"Can't let her out of your sight for a minute, eh?" asked Plastic Man, smarmily. Batman just glared in the way that had Plas thinking, briefly, of ice and hammers. He covered his reaction with an exaggerated cower and then put it out of his mind, in the place where Eel was.

"Come along here, then," said Mrs. Coleman. She led them through the door she'd come out of and past a room full of bubbling, simmering, hissing, coffee equipment. Plas paused and stretched into the room, nose twitching almost as if he were the other stretchy guy. Batman grabbed his elbow and pulled him along. He didn't resist too much.

She led them into a small room with a table and a window. It was, in fact, the sort of private room Eel O'Brian had been often enough in his time as a professional criminal, and now and again in his times posing at one. He wondered who Batman had busted from here, and which combination of gratitude and blackmail gave him the use of it. Also, how many other people he brought there.

While Mrs. Coleman set up the table and Batman practiced being grim, Plas craned out the window. He whistled. "Good set-up you have here. Nice view. Well. Nice is not the word, around here..." It was high-up, giving a good vantage of the street below but not so good a vantage of the room behind it. Well, provided one stayed within the window frame... Plas made the appropriate faces at, consecutively, a black sports car, a group of women in low-cut shirts, three teenage children with two middle-aged women, and a stray cat. No one looked up. "Ah, the streets of Gotham!"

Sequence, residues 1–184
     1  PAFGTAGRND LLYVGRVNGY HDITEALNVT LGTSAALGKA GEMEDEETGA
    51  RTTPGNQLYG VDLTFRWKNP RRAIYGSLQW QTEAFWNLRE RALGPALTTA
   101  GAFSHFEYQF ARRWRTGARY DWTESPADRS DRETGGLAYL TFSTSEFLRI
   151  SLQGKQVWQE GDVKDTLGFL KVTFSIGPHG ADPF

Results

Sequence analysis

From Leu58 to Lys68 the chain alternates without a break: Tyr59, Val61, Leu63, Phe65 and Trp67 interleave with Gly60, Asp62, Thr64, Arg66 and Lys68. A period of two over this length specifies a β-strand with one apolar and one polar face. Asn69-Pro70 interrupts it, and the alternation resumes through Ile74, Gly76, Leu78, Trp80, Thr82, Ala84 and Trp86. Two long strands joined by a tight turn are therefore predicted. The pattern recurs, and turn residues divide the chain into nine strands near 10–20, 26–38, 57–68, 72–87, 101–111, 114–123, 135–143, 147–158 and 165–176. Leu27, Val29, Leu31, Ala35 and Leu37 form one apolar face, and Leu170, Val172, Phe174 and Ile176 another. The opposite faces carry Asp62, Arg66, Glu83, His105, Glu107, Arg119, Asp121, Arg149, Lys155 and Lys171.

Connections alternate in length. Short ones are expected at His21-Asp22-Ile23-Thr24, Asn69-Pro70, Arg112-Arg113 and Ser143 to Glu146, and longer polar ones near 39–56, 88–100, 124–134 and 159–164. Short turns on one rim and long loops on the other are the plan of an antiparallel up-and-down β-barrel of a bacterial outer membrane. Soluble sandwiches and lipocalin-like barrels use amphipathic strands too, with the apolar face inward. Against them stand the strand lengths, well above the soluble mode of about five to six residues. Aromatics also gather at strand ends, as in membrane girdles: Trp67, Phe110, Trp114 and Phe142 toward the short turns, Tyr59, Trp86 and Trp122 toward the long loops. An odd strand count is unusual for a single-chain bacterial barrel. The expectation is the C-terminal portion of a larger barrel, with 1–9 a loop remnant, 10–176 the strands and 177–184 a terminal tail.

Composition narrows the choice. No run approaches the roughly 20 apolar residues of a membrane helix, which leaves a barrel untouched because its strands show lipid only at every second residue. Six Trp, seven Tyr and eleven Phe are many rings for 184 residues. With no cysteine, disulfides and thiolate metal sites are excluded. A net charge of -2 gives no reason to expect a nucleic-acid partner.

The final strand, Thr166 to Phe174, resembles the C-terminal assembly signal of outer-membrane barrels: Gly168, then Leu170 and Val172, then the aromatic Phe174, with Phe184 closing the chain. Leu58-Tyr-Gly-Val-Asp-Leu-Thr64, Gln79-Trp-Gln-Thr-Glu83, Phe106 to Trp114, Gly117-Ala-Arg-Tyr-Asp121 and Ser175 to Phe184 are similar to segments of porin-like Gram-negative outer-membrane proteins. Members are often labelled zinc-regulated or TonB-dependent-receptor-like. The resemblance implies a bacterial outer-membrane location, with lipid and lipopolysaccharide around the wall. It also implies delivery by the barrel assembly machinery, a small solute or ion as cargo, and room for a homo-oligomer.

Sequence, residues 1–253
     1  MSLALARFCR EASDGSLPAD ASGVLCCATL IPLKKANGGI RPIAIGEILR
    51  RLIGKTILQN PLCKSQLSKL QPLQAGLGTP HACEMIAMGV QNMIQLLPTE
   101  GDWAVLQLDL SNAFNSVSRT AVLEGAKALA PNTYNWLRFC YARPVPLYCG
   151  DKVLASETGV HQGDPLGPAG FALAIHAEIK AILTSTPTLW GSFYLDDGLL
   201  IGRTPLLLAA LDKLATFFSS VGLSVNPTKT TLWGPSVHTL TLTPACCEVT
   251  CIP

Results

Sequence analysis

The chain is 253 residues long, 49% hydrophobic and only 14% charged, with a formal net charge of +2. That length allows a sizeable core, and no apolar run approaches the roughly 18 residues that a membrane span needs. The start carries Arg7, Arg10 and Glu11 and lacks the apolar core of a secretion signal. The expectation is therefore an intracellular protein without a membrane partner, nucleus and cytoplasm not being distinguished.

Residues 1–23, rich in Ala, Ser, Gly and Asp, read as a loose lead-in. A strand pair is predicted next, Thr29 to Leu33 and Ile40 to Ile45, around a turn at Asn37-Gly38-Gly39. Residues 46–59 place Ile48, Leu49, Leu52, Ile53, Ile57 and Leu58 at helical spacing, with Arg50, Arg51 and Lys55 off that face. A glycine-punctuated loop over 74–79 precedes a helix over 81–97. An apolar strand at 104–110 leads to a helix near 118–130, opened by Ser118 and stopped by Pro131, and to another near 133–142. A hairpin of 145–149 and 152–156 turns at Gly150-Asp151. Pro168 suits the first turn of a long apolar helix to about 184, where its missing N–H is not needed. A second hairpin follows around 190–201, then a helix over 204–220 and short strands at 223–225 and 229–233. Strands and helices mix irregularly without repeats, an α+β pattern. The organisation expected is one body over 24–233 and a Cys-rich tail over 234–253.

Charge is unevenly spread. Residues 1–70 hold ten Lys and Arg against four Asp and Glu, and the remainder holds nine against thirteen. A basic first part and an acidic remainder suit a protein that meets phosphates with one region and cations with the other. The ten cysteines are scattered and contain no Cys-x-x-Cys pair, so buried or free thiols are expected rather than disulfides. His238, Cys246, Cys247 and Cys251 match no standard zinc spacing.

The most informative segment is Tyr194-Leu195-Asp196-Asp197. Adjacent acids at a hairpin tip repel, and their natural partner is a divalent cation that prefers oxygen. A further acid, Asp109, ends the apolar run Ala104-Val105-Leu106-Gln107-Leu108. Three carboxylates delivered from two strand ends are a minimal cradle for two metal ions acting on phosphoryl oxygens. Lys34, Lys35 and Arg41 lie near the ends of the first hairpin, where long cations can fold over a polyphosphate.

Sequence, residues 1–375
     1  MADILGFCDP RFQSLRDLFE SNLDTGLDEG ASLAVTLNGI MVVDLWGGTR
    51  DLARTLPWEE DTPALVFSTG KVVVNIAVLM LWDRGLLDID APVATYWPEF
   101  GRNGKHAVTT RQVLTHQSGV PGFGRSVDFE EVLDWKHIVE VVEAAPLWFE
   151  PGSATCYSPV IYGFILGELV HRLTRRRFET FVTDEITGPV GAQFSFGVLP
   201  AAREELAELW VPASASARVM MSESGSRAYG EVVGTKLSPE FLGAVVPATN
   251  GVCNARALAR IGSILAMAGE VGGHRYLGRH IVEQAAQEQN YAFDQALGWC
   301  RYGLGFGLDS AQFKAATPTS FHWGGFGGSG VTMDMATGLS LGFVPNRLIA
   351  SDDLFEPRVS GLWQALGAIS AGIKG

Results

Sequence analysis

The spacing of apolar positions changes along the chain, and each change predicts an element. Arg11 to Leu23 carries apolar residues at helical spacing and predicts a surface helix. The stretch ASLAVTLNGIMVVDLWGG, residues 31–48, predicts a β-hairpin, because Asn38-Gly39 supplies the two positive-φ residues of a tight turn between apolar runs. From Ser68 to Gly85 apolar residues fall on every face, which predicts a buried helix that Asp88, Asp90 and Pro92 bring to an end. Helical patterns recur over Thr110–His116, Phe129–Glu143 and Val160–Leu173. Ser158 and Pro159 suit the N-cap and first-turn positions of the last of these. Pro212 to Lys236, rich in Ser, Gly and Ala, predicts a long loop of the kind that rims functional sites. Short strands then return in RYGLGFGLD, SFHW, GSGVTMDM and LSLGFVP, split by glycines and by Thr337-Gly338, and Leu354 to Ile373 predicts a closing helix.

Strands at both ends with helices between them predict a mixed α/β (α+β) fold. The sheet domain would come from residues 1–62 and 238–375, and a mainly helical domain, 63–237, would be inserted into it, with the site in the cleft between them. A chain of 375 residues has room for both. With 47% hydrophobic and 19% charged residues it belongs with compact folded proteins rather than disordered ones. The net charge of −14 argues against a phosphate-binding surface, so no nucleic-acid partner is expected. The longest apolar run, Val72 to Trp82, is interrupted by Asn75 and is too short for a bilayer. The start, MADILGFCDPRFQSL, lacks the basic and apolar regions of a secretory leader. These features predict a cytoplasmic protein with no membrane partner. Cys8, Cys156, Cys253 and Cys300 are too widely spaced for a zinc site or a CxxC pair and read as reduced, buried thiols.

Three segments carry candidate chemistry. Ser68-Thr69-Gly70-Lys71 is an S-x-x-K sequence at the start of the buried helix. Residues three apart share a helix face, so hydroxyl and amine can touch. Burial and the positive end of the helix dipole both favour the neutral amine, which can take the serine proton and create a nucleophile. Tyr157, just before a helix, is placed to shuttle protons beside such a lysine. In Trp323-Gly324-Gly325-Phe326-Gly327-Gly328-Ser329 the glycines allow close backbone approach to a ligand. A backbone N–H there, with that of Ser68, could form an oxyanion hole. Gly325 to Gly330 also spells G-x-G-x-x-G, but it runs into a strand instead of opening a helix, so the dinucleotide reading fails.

"I assume you're enjoying the view," said Batman.

"Oh, yes!" Plas returned to his 'tourist' guise. "Quaint! Fascinating! Urban decay at its finest!"

Finally Mrs. Coleman said, "What would you gentlemen like to order?" Plas could see the pleasure she took in calling them 'gentlemen' and was sure Batman could as well. Plastic Man played the part, transforming into a businessman with rather more discrete shades and a suit that would qualify as conservative, if it weren't bright red. He even held out a seat for Batman, though Batman sat across from him, leaving Plas to take it himself. Plastic Man frowned in a way that strove for both 'dignified' and 'exaggerated.' "No one appreciates a gentleman anymore..."

"Gentlemen are a dying breed," said Batman. And, to Mrs. Coleman, "A large coffee, black."

"The usual?" asked Mrs. Coleman.

"The usual indeed," said Plas, doing his best cape and ears. "Daaaaaarrrrrrrkkkkk coffee for the Dark Knight."

"And for you?" asked Batman.